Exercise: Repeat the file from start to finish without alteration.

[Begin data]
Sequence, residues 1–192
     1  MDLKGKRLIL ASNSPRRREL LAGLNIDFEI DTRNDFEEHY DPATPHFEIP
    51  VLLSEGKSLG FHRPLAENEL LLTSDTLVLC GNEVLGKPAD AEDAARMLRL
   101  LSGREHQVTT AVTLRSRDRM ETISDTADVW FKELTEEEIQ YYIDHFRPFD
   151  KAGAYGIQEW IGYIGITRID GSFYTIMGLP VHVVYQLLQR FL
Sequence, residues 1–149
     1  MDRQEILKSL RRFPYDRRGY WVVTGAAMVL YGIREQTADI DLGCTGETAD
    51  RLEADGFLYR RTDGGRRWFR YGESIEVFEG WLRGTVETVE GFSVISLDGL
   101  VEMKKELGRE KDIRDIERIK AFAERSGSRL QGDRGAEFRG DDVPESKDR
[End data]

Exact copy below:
Sequence, residues 1–192
     1  MDLKGKRLIL ASNSPRRREL LAGLNIDFEI DTRNDFEEHY DPATPHFEIP
    51  VLLSEGKSLG FHRPLAENEL LLTSDTLVLC GNEVLGKPAD AEDAARMLRL
   101  LSGREHQVTT AVTLRSRDRM ETISDTADVW FKELTEEEIQ YYIDHFRPFD
   151  KAGAYGIQEW IGYIGITRID GSFYTIMGLP VHVVYQLLQR FL
Sequence, residues 1–149
     1  MDRQEILKSL RRFPYDRRGY WVVTGAAMVL YGIREQTADI DLGCTGETAD
    51  RLEADGFLYR RTDGGRRWFR YGESIEVFEG WLRGTVETVE GFSVISLDGL
   101  VEMKKELGRE KDIRDIERIK AFAERSGSRL QGDRGAEFRG DDVPESKDR